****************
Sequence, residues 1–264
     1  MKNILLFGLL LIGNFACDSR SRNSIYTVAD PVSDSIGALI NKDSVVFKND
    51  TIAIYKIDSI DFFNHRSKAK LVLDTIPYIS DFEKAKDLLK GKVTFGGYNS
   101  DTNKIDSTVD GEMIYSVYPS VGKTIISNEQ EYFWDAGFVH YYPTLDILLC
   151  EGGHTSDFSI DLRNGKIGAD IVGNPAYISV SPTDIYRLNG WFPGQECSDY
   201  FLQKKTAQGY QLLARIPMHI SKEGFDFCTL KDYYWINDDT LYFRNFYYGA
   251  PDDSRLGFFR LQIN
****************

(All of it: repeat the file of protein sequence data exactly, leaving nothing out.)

Sequence, residues 1–264
     1  MKNILLFGLL LIGNFACDSR SRNSIYTVAD PVSDSIGALI NKDSVVFKND
    51  TIAIYKIDSI DFFNHRSKAK LVLDTIPYIS DFEKAKDLLK GKVTFGGYNS
   101  DTNKIDSTVD GEMIYSVYPS VGKTIISNEQ EYFWDAGFVH YYPTLDILLC
   151  EGGHTSDFSI DLRNGKIGAD IVGNPAYISV SPTDIYRLNG WFPGQECSDY
   201  FLQKKTAQGY QLLARIPMHI SKEGFDFCTL KDYYWINDDT LYFRNFYYGA
   251  PDDSRLGFFR LQIN